However, not all professional-development programs are effective and can even be costly if students do not benefit, resulting in wasted time and money for an individual or organization. There are also options within the professional-development landscape that provide defined benefits and levels of effectiveness. I’ll discuss that topic during the second of this three-part white paper series.
Space Industry Professional Development
Currently, space organizations rely on traditional academic models to fill their talent pipelines with engineers/scientists/technicians and non-technical professionals that support various business functions. Entry-level non-technical employees typically lack the space-industry knowledge to fully understand, at a fundamental level, the process involved in designing, manufacturing, launching, and operating spacecraft. While not essential for their day-to-day business functions, having a basic knowledge of their space organization’s goals, capabilities, and technical practices reduces internal and external communication barriers.
The following is a list of potential benefits for space-industry organizations:
Non-Technical Corporate Workforce
- Increases workforce confidence and participation in collaborative events, improving internal and external communications, and fostering better team collaboration
- Reduces frustrations from a lack of industry knowledge, reducing time spent researching common industry vernacular and concepts
- Workforce gains an understanding of the space ecosystem, allowing for more-pertinent procurements, program commitments, and talent acquisitions
- Increases technical credibility for business development professionals, enabling lasting customer relationships, improving customer trust, and increasing sales
- Increases space-industry technical confidence, enabling identification of more- profitable opportunities and reducing missed opportunities
- Increases technical knowledge of corporate capabilities, fostering the identification of more relevant customers and suppliers
Enhances existing on-the-job training or mentorship programs, decreasing time to competency and accelerating productivity
Standardizes space body of knowledge, creating a multi-functional workforce and reducing human single points of failures
Enhances team communications, saving time spent educating teams on common space- industry knowledge, increasing productivity
Enables the recruitment of non-space professionals, widening the aperture of available talent to enhance talent acquisition
Provides a continuous education path for employees, enabling the retention of in-house talent and the ability to promote from within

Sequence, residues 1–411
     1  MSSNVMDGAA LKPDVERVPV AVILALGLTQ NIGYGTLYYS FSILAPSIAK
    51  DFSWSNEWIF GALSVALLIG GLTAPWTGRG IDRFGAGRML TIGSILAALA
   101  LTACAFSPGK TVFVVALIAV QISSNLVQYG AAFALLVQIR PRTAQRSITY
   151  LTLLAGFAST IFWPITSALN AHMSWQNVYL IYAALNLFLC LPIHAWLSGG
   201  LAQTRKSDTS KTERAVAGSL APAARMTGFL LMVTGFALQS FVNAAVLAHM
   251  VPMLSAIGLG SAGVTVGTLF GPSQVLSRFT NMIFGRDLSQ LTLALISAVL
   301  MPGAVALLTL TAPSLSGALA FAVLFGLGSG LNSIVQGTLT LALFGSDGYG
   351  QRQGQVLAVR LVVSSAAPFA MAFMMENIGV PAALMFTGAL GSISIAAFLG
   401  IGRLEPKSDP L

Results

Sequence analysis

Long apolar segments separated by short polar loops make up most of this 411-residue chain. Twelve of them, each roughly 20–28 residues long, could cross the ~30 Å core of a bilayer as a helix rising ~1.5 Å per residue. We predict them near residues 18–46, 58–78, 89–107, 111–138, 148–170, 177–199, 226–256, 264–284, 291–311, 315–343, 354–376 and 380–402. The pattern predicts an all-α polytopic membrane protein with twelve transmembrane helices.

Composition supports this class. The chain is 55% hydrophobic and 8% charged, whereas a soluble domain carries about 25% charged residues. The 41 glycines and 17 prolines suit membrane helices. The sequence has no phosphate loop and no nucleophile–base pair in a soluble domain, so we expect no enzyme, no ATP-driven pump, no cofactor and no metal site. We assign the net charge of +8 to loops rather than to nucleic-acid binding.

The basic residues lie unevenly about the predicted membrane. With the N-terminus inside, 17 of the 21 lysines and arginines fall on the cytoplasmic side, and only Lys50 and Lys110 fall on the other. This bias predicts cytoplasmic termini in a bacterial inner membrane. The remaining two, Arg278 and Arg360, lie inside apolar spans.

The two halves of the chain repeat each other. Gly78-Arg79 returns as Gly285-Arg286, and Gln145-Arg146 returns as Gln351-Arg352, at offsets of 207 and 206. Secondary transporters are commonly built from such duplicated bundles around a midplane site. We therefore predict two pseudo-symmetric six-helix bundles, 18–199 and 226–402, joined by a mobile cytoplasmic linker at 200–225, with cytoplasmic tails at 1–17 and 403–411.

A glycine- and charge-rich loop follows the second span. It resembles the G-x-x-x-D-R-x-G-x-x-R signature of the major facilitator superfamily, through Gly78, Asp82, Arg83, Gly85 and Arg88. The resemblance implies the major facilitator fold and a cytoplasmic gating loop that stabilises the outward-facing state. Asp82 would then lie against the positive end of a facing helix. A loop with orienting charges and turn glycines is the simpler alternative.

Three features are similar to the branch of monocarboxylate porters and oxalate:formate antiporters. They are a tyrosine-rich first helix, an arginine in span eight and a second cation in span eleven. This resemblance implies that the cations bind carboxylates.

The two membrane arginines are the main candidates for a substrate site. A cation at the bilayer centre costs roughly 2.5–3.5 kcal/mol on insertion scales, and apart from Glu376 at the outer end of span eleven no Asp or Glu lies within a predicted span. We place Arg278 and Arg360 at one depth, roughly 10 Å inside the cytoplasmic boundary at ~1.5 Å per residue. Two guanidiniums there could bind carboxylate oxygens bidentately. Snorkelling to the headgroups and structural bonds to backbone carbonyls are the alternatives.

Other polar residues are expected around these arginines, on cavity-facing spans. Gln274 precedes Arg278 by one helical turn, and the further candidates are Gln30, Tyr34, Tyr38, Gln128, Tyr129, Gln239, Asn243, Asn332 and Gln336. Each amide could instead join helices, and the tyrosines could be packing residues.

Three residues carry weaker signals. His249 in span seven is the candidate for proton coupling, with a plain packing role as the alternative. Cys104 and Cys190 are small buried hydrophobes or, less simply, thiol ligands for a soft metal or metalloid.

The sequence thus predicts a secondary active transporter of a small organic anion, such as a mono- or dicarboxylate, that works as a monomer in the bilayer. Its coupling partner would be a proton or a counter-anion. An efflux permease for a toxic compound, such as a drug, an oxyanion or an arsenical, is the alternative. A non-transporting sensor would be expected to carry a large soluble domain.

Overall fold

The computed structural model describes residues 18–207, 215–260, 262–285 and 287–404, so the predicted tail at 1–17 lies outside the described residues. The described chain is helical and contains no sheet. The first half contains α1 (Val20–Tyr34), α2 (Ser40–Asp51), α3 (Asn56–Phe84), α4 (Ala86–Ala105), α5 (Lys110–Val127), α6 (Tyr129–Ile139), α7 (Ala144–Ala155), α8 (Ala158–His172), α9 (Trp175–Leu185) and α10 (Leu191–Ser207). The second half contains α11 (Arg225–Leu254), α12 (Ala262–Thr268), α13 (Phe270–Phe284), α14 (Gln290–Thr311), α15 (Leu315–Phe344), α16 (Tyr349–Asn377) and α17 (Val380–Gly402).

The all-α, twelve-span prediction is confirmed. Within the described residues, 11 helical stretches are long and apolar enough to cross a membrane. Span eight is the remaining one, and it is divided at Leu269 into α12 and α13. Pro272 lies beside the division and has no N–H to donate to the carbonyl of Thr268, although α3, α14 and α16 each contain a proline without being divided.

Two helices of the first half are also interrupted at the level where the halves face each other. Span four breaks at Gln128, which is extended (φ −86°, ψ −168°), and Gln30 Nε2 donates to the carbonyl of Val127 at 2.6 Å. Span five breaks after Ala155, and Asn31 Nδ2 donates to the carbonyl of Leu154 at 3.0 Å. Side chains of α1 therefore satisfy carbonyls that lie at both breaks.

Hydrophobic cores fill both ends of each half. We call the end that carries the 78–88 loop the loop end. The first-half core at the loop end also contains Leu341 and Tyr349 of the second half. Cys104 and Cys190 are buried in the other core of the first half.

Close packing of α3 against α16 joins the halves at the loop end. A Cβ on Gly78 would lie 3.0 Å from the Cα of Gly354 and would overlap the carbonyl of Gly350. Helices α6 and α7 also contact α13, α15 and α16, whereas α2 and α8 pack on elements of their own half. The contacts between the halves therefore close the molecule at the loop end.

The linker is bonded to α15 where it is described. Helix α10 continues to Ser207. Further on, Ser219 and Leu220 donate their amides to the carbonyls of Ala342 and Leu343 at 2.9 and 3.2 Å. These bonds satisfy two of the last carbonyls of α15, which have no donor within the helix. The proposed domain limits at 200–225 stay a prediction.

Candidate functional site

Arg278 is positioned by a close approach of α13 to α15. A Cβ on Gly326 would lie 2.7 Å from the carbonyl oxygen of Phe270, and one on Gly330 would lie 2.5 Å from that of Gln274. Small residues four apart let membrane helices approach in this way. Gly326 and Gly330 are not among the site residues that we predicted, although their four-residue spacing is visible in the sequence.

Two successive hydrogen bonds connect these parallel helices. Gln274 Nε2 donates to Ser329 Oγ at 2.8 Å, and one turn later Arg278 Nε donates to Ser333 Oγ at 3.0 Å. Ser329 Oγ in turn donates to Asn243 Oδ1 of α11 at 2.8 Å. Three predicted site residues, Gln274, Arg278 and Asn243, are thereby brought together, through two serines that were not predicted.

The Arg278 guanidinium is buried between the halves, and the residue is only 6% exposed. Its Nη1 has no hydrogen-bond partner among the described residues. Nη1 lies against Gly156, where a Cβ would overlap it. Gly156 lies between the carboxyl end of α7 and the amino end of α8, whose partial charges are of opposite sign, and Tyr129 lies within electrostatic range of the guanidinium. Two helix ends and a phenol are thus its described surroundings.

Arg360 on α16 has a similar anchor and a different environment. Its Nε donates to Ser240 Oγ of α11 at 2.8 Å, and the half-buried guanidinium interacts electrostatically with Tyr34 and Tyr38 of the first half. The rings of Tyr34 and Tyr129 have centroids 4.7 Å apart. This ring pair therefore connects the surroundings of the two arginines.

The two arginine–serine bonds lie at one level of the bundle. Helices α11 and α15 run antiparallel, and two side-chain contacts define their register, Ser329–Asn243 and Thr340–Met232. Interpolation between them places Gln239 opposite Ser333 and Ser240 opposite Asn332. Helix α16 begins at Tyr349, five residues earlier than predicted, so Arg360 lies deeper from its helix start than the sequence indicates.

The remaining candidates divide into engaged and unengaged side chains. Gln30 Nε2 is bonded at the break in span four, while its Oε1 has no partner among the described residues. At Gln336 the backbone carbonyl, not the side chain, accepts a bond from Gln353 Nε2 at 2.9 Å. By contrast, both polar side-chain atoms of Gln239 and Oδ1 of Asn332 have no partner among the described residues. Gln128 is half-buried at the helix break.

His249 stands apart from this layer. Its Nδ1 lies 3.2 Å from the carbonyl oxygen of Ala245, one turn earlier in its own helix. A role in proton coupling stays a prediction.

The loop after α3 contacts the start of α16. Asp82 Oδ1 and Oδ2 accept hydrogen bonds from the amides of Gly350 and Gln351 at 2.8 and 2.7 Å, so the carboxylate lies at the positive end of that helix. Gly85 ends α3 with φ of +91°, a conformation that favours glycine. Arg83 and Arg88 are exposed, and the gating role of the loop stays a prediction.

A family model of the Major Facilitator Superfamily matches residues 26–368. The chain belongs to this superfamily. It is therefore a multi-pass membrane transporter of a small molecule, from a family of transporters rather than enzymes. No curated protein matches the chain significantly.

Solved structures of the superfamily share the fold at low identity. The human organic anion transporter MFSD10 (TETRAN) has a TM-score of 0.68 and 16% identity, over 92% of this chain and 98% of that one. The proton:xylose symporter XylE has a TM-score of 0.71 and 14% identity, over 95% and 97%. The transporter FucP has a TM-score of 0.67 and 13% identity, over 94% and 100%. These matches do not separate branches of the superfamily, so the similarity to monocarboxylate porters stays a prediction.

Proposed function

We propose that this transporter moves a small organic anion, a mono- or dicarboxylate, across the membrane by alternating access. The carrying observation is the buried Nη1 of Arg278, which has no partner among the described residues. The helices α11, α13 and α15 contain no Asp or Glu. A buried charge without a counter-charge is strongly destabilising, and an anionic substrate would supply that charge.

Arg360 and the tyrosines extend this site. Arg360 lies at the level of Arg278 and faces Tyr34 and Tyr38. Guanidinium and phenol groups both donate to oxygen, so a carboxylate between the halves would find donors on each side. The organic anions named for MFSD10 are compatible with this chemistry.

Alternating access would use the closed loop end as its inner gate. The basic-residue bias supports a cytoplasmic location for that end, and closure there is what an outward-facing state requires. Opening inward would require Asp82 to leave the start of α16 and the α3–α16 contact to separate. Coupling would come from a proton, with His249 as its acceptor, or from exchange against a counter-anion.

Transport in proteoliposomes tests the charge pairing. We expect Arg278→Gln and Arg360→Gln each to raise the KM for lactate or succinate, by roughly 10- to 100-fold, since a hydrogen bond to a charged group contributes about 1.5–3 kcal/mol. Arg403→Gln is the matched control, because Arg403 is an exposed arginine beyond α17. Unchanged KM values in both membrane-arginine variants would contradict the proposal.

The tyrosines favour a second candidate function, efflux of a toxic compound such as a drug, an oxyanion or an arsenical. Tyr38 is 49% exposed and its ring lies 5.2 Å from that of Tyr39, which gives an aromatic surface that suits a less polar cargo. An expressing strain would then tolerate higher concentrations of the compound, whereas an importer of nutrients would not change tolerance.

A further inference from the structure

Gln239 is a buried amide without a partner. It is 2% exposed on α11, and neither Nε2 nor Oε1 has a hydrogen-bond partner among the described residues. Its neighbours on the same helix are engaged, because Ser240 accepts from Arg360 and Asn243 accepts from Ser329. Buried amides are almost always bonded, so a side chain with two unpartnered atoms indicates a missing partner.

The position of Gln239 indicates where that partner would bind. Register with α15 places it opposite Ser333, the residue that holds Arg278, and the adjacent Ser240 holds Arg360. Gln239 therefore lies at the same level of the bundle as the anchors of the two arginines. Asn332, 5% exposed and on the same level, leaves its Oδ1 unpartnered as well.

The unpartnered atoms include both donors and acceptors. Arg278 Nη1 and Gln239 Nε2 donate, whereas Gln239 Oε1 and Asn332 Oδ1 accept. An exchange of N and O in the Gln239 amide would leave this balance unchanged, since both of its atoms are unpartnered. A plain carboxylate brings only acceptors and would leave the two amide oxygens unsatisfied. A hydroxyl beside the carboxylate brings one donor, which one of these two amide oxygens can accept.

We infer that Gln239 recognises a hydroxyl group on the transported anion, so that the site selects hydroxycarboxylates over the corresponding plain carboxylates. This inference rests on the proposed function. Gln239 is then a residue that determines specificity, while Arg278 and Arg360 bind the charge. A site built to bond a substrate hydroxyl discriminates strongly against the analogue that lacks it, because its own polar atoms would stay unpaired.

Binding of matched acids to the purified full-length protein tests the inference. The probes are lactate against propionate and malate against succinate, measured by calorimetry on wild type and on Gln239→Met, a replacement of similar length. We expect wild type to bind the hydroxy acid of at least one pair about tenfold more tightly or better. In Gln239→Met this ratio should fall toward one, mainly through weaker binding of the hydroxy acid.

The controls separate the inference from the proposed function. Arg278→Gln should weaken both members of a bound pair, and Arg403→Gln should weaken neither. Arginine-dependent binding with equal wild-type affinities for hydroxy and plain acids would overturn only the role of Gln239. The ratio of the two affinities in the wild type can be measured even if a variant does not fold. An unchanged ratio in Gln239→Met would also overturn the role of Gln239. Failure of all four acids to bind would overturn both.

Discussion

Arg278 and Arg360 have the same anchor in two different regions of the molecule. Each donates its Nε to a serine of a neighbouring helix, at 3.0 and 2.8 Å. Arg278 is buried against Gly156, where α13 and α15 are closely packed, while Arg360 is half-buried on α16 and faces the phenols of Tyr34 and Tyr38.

Increases talent retention rates, saving both time and capital resources required to acquire and train new talent
Creates a well-rounded and space-educated workforce, reducing technical skills gaps and fostering innovation
When it comes to professional-development programs, the benefits quickly outpace the risks. The largest risk for an organization is to invest in an ineffective program that fails to train and educate its workforce, negating any potential benefits. In this new space ecosystem, the risk may be too high for many of the new startup companies with tight budgets and medium-sized companies with tight production schedules and limited resources. Part two of this three-part series of white papers will discuss some of these potential pitfalls.
Lifelong learning is essential for any professional in any industry. Learning does not stop once someone graduates from a college or university. The same is true for the space industry, especially in this new competitive environment. The demand for skilled space professionals will only increase as the ecosystem expands. Any space organization that wishes to remain competitive must invest in a program that continuously trains its workforce. An effective space professional program is the most efficient and effective option to maintain a diverse and educated space workforce. It doesn’t have to replace existing models either; a good professional-development program can enhance traditional OJT and mentorship programs. Individuals and organizations must embrace skills-based professional-development programs to remain competitive in the space economy, especially as space-experienced human talent becomes more and more scarce.
Miguel Alvarez is the Chief Revenue Officer for Nova Space Inc. He has over 24 years of experience in the defense and aerospace industry, is a physics instructor, a pilot, a lifelong learner, and dedicated to humanity’s mastery of outer space.